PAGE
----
AV Rating
Where Does the AV Rating Come From?

For over 12 years, Martindale-Hubbell has been the most respected source of authoritative and dependable biographical information about members of the legal community in the United States, Canada, and worldwide.

An integral part of this service to the legal community is the Martindale-Hubbell Rating System. Under this system, Legal Ability and General Recommendation Ratings for individual attorneys are developed and published in The Law Directory. The goal of this impartial rating system is the development of unbiased, fair and accurate ratings for as many lawyers as possible, including Directory subscribers and nonsubscribers alike.

How are Attorneys Reviewed?

The majority of rating reviews are initiated by Martindale-Hubbell typically five years after an attorney has been admitted to the Bar. In larger cities, ten years is the rule. An initial review of a lawyer can also be made at his or her request or at the request of a partner or colleague. Minimum periods following admission to practice are not required for any rating.

There are many lawyers for whom no ratings are published. Some have requested not to have their rating published, while for others, definitive information has not been developed because of the relatively few years the lawyer has practiced, the size of the bar or other reasons unrelated to the individual's professional competence, reliability or ethical standards. If the lawyer's practice is limited or specialized, it may afford little or no opportunity for others to form an opinion. Therefore, absence of ratings should not be construed as unfavorable.

Are Law Firms Reviewed?

Reviews are not conducted of law partnerships or professional corporations. The rating extended to law firms depends on the lawyers in the practice and the ratings published for these individuals. Generally, a law firm is given the rating of its highest rated principal. the rating of the firm has no bearing on the individual rating of any lawyer connected with it.

Do Indiviuals or Peers Review the Attorneys?

Martindale-Hubbell solicits confidential opinions from members of the Bar, including those who have ratings and those who do not. In addition, members of the Judiciary are queried.

Opinions are solicited via written questionnaires and by Martindale-Hubbell field representatives who conduct on-the-spot, oral interviews. No rating is established or altered solely on the basis of a field representative's report. Before any action is taken, confidential written inquiries are solicited from some, but not necessarily all, of the persons to whom the representative spoke as well as other legal professionals independently selected.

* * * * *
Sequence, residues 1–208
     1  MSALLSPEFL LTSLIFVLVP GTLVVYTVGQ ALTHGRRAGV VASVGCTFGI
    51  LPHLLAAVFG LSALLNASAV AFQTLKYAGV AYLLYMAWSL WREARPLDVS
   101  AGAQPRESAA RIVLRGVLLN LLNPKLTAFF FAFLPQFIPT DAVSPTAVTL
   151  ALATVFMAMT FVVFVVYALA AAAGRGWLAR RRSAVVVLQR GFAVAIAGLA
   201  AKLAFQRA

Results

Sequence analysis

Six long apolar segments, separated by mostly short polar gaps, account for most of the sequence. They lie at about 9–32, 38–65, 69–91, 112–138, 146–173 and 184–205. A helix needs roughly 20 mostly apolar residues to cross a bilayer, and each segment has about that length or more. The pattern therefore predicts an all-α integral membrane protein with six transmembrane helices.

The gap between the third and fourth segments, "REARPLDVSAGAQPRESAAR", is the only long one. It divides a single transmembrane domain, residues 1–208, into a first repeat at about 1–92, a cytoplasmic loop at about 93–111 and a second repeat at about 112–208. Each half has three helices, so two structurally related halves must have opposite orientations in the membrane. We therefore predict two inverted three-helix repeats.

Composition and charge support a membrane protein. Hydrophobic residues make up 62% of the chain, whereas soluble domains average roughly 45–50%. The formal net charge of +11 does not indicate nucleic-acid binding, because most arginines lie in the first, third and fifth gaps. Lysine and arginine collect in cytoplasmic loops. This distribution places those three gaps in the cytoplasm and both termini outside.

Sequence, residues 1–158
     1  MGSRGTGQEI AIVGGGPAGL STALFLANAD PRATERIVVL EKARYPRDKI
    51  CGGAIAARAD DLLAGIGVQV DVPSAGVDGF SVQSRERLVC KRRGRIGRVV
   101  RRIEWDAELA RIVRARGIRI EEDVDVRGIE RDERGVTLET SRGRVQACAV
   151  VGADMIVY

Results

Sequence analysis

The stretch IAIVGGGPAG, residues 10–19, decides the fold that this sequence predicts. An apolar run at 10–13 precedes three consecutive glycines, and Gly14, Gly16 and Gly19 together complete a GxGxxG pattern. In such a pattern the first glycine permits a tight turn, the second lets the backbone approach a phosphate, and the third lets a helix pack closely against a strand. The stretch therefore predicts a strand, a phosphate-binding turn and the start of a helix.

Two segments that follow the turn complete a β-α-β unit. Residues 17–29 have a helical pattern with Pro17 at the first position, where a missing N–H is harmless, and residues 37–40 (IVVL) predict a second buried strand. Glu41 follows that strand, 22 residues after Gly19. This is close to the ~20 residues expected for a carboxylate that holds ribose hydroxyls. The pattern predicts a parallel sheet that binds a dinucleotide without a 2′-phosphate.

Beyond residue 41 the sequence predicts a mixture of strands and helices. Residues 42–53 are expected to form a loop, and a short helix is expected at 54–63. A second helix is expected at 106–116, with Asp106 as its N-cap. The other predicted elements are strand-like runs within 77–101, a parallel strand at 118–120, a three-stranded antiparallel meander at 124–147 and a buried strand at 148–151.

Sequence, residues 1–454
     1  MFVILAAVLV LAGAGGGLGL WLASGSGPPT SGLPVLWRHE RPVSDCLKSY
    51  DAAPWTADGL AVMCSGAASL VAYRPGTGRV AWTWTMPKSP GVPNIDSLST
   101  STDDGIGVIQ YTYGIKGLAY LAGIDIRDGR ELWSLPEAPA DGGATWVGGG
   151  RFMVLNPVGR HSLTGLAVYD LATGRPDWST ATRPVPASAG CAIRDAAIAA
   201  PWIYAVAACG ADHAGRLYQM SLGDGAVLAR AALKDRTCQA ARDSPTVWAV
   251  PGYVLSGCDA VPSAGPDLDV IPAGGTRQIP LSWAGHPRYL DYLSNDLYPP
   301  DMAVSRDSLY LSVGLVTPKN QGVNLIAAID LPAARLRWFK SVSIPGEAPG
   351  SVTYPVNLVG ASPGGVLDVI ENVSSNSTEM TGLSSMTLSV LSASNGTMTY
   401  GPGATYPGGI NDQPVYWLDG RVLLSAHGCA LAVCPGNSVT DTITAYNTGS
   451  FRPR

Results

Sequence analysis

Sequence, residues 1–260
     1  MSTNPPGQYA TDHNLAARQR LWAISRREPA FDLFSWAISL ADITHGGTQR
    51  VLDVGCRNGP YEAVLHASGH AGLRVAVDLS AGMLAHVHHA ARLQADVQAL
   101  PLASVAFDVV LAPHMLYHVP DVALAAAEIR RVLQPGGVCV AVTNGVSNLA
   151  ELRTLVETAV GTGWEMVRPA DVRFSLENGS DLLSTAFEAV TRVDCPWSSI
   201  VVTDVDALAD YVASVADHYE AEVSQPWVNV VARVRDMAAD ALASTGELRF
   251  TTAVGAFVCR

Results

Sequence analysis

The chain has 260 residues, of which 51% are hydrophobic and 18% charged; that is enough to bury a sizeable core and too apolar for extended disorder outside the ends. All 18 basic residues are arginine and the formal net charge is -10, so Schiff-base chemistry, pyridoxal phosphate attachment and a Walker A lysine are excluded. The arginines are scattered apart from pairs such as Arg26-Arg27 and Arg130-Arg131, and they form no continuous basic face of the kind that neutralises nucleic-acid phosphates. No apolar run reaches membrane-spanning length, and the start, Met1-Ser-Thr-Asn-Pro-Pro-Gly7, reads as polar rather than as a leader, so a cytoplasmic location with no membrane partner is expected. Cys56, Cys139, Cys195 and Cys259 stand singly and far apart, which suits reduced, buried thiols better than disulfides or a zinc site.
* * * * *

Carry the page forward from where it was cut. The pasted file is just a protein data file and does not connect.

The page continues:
All inquiries seek to elicit recommendations based on personal knowledge of the professional standing of the lawyer under inquiry.

How Does the Rating System Work?

Ratings fall into two categories: Legal Ability and General Ethical Standards. Unless a rating is established in both categories, no rating is published.

Legal Ability Rating

The Legal Ability Ratings are:

A - Very High to Preminent
B - High to Very High
C - Fair to High

The General Recommendations Rating

General Ethical Standards Ratings cover adherence to professional standards of conduct and ethics, reliability, diligence and other criteria relevant to the discharge of professional responsibilities.

The General Recommendation Rating is:

V - Very High

An attorney will not receive a rating at all unless he or she has first received a "V" or General Recommnedation Rating. Thus, when both categories of ratings are combined, and attorney will receive an "AV", "BV", or "CV" rating.

As a general rule, ratings are transferable within state boundaries. Ratings may also be transferred inter-state with a special symbol indicating rating was obtained in another state or province.

How Often are Attorneys Reevaluated?

The ratings would be of questionable value if, when once established, they were not subject to reevaluation. Accordingly, to maintain a high level of accuracy and dependability, Martindale-Hubbell conducts regular re-examinations of all ratings. If the result does not support the published rating, it is lowered or withdrawn.


It is Martindale-Hubbell's policy to treat all phases of its impartial rating process as absolutely confidential. Sources contacted participate with that understanding. Under no circumstances are any ratings review materials released.

A Cooperative Service to the Bar

Martindale-Hubbell respects the confidence the legal community has placed in its rating system. Considered an important tool used in the practice of lae, the ratings are an invaluable resource for researching opposing counsel or engaging the services of an attorney. They represent a widely regarded measure of esteem that attorneys strive to earn.

Since ratings reflect the recommendations of the legal communitym we need your continued help to ensure the impartiality of the ratings process. When you receive an inquiry concerning a member of your state's bar, please complete it and return it to us.

By doing so, you are not only providing a valuable service to the legal community as a whole, but are alos providing a measure of quality control to the attorney selection process. We extend our appreciation to every member of the legal profession who participates in this cooperative service to the Bar.

How Many Attorneys Receive the AV Rating?

Only about 10% of the attorneys in the United States obtain the AV Rating.